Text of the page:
Additionally, Plaintiff's Eighth Amendment claim fails. Plaintiff asserts in his Complaint that this claim as against “all defendants, ” however, as it concerns solely his treatment following his adjudication, the Court construes it as a claim solely against the probation officers in their individual capacity. To make out an Eighth Amendment claim, a plaintiff must show that punishment has been imposed in a manner which includes “elements of severity, arbitrary infliction, unacceptability in terms of contemporary standards, or gross disproportion.”[43]Plaintiff's general claim that he was “placed on probation, house arrest, ankle monitors, counseling, juvenile detention and eventually removed from his home and placed in county facilities” falls short of this standard. Further, such conduct violates no clearly established right of Plaintiff under the Eighth Amendment, and this claim will be dismissed as well.

         3. Tredyffrin Easttown School District

         Plaintiff alleges that the Defendant Tredyffrin Easttown School District's implementation of his IEP was flawed and violated his constitutional rights, in that the School District allegedly resisted Plaintiff's father's repeated attempts to remove him from his IEP program, improperly permitted someone other than his guardian to sign his IEP form, and released private information contained in the IEP to the juvenile court without notification to Plaintiff's father.[44] Plaintiff also brings an equal protection claim against the School District, alleging that it has a “racially motivated practice” of placing African American students on IEPs.[45]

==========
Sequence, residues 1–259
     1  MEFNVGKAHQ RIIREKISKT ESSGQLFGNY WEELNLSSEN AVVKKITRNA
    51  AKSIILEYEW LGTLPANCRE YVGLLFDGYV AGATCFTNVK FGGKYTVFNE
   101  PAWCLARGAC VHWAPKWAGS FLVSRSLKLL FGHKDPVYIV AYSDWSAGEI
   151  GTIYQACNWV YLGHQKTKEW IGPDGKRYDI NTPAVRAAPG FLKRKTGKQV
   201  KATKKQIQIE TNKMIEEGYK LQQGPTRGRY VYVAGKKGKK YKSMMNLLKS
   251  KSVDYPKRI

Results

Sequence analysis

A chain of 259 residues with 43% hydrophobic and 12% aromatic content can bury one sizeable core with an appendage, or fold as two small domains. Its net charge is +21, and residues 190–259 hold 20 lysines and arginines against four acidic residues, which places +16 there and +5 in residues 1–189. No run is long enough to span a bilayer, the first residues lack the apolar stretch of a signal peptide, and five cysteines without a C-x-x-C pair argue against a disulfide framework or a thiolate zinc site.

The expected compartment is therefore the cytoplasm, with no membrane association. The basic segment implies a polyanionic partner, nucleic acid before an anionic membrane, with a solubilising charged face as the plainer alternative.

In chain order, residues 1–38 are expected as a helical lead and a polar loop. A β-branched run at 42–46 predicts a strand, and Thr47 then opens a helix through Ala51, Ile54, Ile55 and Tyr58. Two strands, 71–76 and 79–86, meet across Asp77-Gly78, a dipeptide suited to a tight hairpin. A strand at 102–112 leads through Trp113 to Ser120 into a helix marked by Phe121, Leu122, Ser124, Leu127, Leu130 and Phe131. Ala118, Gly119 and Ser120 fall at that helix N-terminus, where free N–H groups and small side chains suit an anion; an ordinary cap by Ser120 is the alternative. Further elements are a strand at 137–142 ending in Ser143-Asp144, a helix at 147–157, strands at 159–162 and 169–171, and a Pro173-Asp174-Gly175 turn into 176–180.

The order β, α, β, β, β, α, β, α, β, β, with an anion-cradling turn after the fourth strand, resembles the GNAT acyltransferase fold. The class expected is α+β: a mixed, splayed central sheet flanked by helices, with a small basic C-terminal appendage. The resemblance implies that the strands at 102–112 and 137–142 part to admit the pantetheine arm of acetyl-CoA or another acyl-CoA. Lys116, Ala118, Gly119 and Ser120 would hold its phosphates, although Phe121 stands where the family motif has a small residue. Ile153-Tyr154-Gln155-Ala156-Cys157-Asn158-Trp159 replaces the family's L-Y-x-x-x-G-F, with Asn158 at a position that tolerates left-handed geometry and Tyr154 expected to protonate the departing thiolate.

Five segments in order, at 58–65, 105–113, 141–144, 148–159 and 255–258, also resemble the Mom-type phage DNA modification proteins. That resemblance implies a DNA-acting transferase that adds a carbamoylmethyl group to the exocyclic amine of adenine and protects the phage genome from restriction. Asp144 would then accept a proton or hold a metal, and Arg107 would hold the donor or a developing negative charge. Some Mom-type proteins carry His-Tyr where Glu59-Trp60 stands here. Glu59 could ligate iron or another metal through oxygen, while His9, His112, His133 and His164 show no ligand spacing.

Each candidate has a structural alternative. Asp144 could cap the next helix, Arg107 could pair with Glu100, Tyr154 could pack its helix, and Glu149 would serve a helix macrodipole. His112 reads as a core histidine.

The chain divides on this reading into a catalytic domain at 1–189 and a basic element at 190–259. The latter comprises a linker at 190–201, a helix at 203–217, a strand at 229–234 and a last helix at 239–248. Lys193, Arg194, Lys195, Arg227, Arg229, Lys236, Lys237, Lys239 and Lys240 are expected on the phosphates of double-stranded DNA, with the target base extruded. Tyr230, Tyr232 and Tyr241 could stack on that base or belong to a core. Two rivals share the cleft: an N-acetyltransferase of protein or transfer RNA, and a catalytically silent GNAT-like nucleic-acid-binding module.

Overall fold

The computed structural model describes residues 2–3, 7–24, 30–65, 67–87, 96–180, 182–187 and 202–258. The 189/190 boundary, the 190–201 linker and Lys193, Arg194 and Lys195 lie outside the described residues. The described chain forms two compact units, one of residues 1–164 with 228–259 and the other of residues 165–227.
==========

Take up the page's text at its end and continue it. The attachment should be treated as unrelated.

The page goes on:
First, Plaintiff's claims relating to the continuation of the IEP without his father's permission will be dismissed for lack of jurisdiction due to Plaintiff's failure to allege that he has exhausted the available administrative remedies.[46] The Individuals with Disabilities Education Act (“IDEA”) guarantees that children with disabilities receive a “free appropriate public education, ”[47] and provides an administrative process for children and their families to enforce this guarantee, which an individual must exhaust before seeking judicial review.[48] The exhaustion requirement for IDEA claims applies, not only to claims labeled as such, but to all claims for relief available under the IDEA, even if a claim arises under a different cause of action.[49] In evaluating whether a plaintiff seeks relief for denial of appropriate education, “[w]hat matters is the crux-or, in legal-speak, the gravamen-of the plaintiff's complaint.”[50] Where the gravamen of a complaint is the denial of a free appropriate public education, a plaintiff “cannot escape [the exhaustion requirement] merely by bringing [the] suit under a statute other than the IDEA.”[51] Here, the gravamen of Plaintiff's allegations relating to the purportedly improper continuation of his IEP program is the denial of appropriate public education, and Plaintiff therefore must pursue administrative remedies before bringing such a claim in this Court. Plaintiff has not indicated that he has pursued any such remedies, and thus this Court lacks jurisdiction over this claim. This claim will be dismissed without prejudice, and with leave to amend and refile, once Plaintiff has exhausted the available administrative remedies.